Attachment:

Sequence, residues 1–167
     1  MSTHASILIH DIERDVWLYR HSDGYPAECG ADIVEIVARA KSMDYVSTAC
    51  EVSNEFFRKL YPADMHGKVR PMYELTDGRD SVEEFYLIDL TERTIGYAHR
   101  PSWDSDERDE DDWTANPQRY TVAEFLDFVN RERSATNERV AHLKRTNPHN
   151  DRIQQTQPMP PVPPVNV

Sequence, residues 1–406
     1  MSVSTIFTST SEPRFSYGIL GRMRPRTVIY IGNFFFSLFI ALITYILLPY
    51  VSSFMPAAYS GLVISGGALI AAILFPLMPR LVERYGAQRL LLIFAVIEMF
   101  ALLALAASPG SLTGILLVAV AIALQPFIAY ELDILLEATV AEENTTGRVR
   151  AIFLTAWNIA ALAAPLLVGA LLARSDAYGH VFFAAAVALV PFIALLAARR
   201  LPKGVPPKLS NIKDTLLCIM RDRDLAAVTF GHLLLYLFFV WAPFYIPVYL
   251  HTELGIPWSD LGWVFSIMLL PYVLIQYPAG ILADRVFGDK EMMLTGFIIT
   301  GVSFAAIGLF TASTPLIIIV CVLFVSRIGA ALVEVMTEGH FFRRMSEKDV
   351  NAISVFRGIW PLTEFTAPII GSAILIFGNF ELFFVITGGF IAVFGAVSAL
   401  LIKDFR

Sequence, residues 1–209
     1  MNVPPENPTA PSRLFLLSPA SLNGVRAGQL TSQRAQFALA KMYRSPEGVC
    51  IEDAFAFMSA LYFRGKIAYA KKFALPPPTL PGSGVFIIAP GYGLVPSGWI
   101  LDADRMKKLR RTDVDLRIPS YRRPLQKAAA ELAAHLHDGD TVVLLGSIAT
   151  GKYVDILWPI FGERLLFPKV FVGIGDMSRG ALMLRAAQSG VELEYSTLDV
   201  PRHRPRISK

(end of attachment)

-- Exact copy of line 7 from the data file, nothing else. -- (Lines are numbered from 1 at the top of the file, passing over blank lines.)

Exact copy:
     1  MSVSTIFTST SEPRFSYGIL GRMRPRTVIY IGNFFFSLFI ALITYILLPY